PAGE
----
Joan of Art: In Defence of Subjectivity

Watson, Michael. 2012. Joan of Art: In Defence of Subjectivity. Doctoral thesis, Goldsmiths, University of London [Thesis]

Text (Joan of Art: In Defence of Subjectivity)
VC_thesis_Watson_2012.pdf - Accepted Version

Download (792kB) | Preview

Abstract or Description

This thesis examines the relationship between Adorno's 'shudder' and conceptual art, in the interest of conceiving of an art form resistant to societal and ontological 'objectification', as embodied by scientific pursuit, capitalist endeavour, and recent philosophical innovation (particularly in the work of Ray Brassier's Nihil Unbound, and Quentin Meillassoux's After Finitude). This art form, it will be argued, must necessarily be completely conceptual, devoid of any object which might become sundered to these objectifying forces. Just such a form, might be appealed to in order that the subject can feign an escape from absolute objectivity at the hands of the nihilising influence of science. Can the concept of freedom as an artistic declaration help the human to evade reification, in a way that can co-exist with accepted scientific findings; namely the clear base materiality of the 'subject', and the finitude of subjectivity, as signalled by Brassier and the absolute contingency of Quentin Meillassoux?

Examining the implications of Duchamp's 'anything can be art' admixed with Beuys' 'We are all artists,' the study draws, in its latter third, on examinations of Adorno's 'shudder' made in the first chapter, in order to conceive of a means by which the subject may overturn its objectification via the declaration of its own subjectivity even in face of the falsity of this premise. Where, for Adorno, the 'shudder' is felt in face of the artwork, as the subject realises it base objectivity (as a result of the 'truth' which the artwork, as perpetual deceiver in a an untrue world, imparts), this study calls for the shudder, which frees the subject from objectivity, to be auto-designated by the subject, upon itself, for lack of an artwork capable of otherwise invoking it in a thoroughly reified world.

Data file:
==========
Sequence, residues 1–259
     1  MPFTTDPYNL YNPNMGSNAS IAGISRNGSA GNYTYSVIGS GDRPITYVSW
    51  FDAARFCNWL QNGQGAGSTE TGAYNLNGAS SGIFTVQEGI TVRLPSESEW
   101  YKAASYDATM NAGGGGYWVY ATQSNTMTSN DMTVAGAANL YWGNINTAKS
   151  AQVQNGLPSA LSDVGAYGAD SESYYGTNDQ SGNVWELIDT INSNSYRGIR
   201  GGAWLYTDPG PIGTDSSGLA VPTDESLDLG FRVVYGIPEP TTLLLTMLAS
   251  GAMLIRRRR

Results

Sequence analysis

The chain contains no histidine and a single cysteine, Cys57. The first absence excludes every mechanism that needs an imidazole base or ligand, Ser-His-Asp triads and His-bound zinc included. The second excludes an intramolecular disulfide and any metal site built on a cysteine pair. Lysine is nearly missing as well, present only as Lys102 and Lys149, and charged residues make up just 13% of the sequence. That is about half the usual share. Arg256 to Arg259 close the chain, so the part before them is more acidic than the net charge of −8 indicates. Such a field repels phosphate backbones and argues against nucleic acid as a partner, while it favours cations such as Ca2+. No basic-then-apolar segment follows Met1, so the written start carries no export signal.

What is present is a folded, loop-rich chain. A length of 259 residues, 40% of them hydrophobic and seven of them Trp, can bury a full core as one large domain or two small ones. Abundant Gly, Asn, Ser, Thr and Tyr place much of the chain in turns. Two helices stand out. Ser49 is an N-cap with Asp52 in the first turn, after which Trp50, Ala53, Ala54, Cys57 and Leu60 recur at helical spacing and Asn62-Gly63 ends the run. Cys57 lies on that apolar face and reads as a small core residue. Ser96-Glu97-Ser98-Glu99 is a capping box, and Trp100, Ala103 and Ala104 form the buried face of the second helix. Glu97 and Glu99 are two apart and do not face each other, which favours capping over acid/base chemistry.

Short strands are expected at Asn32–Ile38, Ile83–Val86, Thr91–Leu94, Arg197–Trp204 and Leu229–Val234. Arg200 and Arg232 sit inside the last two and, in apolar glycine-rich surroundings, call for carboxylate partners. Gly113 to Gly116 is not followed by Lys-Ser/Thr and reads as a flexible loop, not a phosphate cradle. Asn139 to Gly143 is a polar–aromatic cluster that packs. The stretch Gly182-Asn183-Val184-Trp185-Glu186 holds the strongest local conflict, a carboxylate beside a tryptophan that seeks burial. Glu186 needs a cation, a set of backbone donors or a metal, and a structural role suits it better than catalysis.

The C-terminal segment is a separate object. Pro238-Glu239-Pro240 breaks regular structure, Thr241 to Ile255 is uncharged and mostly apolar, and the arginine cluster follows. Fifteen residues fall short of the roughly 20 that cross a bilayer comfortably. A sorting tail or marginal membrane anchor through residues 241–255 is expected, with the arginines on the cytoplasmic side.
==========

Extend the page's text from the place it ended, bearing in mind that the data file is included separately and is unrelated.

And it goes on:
Item Type:

Thesis (Doctoral)


Theodor Adorno, Ray Brassier, Nihilism, Speculative Realism, Michael Watson, Quentin Meillassoux, Marcel Duchamp, Joseph Beuys

Departments, Centres and Research Units:

Visual Cultures



Item ID:


Date Deposited:

11 Jun 2012 14:00

Last Modified:

29 Apr 2020 17:16


View statistics for this item...

Edit Record Edit Record (login required)